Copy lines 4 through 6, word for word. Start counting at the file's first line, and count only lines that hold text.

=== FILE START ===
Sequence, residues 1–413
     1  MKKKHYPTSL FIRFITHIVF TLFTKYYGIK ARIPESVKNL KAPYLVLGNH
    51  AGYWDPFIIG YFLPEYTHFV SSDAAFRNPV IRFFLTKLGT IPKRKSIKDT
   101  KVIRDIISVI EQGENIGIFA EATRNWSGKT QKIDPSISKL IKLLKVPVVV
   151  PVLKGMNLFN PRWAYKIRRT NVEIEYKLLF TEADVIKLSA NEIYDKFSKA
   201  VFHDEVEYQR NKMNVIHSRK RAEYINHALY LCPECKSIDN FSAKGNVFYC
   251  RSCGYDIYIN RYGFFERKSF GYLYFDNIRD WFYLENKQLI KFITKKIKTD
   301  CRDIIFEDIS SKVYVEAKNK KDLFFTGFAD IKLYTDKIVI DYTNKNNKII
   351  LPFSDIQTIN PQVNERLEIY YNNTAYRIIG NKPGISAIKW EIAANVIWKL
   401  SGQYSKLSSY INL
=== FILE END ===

   101  KVIRDIISVI EQGENIGIFA EATRNWSGKT QKIDPSISKL IKLLKVPVVV
   151  PVLKGMNLFN PRWAYKIRRT NVEIEYKLLF TEADVIKLSA NEIYDKFSKA
   201  VFHDEVEYQR NKMNVIHSRK RAEYINHALY LCPECKSIDN FSAKGNVFYC